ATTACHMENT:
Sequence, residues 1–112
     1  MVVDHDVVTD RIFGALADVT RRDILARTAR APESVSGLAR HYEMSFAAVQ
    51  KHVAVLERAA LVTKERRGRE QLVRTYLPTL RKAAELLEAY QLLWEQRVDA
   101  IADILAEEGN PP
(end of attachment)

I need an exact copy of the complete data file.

Sequence, residues 1–112
     1  MVVDHDVVTD RIFGALADVT RRDILARTAR APESVSGLAR HYEMSFAAVQ
    51  KHVAVLERAA LVTKERRGRE QLVRTYLPTL RKAAELLEAY QLLWEQRVDA
   101  IADILAEEGN PP